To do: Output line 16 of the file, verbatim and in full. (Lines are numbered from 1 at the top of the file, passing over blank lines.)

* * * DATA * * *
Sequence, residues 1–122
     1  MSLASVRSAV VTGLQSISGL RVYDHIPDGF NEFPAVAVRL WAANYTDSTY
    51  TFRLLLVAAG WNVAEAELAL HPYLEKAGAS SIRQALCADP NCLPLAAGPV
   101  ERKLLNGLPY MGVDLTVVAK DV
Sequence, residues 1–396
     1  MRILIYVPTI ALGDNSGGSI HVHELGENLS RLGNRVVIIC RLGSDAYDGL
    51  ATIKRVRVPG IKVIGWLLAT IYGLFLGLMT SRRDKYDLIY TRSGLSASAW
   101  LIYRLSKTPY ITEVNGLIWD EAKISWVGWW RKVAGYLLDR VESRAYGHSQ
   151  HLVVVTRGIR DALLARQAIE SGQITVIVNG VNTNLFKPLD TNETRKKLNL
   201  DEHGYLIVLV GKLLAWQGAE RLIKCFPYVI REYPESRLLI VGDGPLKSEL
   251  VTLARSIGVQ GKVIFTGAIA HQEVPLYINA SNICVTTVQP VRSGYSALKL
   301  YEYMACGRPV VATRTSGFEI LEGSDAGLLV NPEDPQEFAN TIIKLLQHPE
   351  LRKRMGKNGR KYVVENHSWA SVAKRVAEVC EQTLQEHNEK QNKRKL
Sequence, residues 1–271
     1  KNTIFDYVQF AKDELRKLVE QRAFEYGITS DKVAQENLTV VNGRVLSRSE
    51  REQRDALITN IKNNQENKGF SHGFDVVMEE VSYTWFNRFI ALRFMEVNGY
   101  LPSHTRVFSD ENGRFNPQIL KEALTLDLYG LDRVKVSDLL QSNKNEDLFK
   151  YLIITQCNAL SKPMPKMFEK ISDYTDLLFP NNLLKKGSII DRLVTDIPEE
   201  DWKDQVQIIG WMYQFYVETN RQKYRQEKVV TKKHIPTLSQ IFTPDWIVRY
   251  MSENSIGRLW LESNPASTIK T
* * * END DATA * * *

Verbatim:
    51  REQRDALITN IKNNQENKGF SHGFDVVMEE VSYTWFNRFI ALRFMEVNGY